The Feds Lose Again on Domestic Surveillance

It would be easy to simply dismiss as just another kooky California ruling the 72-page order today from a federal district judge in San Francisco who declared that the United States, and AT&T, could not automatically stop at the outset on "state secrets" grounds a lawsuit alleging that the National Security Agency's domestic surveillance program violates the Constitution and federal law. After all, U.S. District Judge Vaughn Walker is not a true believer, even though he is a Republican appointee, and California's 9th U.S. Circuit Court of Appeals isn't exactly known these days for being on board with the current Administration.

But it would be a mistake to underestimate Judge Walker's rationale or conclusions about whether the U.S. and AT&T can dismiss the lawsuit against them before it begins by arguing that its subject matter (the spy program) is so secret it cannot be the subject matter of litigation. The judge has written a legally sound and politically practical ruling that allows the plaintiffs' massive case to move forward, at least another few steps or so, but still keeps open many strong defenses either the company or the government may later assert. As one court watcher put it early today, it's going to be hard for the appellate courts to find a good reason to overturn this ruling.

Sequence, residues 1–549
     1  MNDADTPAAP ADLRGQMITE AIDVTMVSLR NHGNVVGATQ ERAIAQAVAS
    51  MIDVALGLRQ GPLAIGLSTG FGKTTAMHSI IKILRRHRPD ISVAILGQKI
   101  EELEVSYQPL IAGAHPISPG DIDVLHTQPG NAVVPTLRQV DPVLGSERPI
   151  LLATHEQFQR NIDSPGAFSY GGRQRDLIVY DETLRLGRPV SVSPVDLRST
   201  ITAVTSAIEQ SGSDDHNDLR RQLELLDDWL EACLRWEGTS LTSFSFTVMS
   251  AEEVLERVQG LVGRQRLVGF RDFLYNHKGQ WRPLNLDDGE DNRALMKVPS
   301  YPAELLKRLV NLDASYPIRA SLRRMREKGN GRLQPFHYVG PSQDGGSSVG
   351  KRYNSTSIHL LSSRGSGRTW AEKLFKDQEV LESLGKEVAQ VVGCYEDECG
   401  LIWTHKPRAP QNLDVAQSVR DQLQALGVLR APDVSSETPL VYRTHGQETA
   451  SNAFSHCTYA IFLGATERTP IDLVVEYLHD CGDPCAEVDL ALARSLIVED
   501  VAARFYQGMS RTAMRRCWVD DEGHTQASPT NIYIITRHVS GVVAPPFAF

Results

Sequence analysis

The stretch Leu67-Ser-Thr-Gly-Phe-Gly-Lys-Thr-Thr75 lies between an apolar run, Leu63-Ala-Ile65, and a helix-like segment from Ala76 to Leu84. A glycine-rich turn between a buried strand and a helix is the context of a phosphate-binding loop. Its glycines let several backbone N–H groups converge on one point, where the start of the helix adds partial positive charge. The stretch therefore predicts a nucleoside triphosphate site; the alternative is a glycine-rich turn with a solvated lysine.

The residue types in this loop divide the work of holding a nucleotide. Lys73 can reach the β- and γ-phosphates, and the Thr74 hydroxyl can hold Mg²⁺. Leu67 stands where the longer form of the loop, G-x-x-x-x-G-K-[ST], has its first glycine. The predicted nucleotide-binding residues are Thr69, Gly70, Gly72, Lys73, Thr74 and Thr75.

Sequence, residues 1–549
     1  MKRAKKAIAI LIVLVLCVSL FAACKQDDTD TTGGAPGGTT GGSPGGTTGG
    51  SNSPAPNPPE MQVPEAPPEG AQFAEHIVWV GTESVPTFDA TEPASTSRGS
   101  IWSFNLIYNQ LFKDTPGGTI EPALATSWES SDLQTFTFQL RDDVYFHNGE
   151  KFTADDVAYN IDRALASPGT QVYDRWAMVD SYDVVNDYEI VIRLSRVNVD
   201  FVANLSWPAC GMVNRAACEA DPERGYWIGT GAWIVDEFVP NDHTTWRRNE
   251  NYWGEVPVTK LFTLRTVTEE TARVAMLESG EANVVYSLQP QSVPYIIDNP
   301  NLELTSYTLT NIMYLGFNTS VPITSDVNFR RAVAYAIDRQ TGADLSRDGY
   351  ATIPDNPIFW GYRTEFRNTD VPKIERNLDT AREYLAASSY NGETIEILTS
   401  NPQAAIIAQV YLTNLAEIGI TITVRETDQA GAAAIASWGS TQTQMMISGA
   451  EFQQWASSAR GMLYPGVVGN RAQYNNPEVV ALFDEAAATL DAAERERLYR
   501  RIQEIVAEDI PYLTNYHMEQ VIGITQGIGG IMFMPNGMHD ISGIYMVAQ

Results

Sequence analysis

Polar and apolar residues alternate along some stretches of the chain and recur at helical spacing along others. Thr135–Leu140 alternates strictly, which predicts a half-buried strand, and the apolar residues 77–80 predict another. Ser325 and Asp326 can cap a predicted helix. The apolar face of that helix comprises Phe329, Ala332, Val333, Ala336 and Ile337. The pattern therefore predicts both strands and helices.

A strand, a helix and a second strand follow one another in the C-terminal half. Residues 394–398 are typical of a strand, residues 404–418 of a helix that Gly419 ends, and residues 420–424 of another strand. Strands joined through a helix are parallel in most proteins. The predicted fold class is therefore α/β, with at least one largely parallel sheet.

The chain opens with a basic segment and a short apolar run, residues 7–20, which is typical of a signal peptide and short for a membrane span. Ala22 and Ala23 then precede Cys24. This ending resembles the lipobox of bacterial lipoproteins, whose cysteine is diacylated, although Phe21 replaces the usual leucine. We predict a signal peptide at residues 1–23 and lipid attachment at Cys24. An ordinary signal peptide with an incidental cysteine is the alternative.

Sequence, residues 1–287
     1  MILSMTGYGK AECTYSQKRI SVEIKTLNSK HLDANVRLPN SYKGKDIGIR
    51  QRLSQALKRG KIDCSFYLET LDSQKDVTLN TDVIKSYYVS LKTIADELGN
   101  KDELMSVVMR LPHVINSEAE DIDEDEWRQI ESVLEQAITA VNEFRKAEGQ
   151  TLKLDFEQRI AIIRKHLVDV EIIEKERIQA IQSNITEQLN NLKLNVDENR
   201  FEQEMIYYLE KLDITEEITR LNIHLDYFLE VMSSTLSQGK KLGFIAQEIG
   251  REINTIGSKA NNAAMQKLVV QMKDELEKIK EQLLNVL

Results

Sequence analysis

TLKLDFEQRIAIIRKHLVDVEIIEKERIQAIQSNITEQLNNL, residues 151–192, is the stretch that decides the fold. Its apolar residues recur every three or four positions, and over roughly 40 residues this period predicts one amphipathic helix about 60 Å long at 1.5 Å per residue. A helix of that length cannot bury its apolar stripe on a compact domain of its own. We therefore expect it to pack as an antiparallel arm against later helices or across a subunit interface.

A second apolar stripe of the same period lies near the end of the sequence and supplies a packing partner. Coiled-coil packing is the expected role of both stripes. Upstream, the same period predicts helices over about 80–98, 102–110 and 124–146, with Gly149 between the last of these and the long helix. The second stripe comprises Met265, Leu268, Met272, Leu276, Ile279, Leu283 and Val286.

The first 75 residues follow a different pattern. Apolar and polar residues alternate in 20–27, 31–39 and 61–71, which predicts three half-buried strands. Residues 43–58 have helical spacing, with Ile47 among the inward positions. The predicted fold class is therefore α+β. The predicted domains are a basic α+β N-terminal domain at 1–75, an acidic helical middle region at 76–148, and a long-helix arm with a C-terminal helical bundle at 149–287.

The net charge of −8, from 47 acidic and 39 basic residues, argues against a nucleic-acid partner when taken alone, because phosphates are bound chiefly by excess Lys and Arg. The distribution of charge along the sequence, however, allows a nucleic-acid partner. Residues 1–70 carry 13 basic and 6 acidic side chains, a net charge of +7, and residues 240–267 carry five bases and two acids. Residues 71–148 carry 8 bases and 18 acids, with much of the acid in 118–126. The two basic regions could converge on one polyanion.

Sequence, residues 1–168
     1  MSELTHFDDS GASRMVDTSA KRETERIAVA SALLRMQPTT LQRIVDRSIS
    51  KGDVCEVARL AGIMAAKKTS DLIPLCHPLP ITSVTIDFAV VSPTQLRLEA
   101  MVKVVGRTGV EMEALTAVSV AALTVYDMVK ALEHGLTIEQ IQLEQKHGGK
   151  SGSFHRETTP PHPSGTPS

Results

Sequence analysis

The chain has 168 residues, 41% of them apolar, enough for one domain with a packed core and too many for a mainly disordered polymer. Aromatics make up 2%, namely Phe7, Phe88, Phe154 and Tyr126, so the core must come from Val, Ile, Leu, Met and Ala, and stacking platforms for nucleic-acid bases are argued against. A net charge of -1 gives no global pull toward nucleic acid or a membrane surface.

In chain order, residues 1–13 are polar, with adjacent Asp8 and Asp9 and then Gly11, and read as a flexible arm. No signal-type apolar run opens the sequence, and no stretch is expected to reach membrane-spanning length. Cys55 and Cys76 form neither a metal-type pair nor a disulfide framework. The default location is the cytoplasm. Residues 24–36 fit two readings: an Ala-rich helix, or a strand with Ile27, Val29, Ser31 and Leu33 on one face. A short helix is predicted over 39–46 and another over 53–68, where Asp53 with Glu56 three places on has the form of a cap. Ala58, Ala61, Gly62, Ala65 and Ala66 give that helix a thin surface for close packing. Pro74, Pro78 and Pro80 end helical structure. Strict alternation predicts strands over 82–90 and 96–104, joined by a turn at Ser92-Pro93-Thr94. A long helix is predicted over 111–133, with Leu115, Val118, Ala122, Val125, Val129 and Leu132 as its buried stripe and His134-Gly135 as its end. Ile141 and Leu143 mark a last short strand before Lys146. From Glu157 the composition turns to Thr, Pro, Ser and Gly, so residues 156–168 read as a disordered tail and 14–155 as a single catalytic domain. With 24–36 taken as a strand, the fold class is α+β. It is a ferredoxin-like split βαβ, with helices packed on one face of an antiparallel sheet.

"While the court recognizes and respects the executive's constitutional duty to protect the nation from threats, the court also takes seriously its constitutional duty to adjudicate the disputes that come before it," Judge Walker wrote. "To defer to a blanket assertion of secrecy here would be to abdicate that duty, particularly because the very subject matter of this litigation has been so publicly aired. The compromise between liberty and security remains a difficult one," the judge continued, "but dismissing this case at the outset would sacrifice liberty for no apparent enhancement of security."

The feds should not be surprised by this ruling. And they should anticipate a similar ruling in another closely-watched case out of Michigan. The reason is not some cabal by activist judges. The reason is that the government is on very shaky legal ground when it asserts, as it has, that its surveillance program is necessarily beyond judicial review and also constitutional to boot. That's why the White House is apparently eager to cut a deal with Congress which would take away from the federal courts the power to decide the constitutionality of the NSA program(s) and place it in the relatively-soothing hands of the secret FISA courts. What I don't understand is why, in light of rulings like Judge Walker, that deal is still appealing to Congress.

By Andrew Cohen |  July 20, 2006; 5:10 PM ET
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oversight, we are in a state of blindness...

we an addictive personality in charge of the largest everything in the world...

would you trust this man alone in your liquor cabinet?

then why give him the key to this country? come on...he makes pee wee herman look like a solid citizen, and alfred e. neumann intelligent, hell he makes Nixon and Kissinger look trust offense to Henry


Posted by: without | July 23, 2006 02:08 AM

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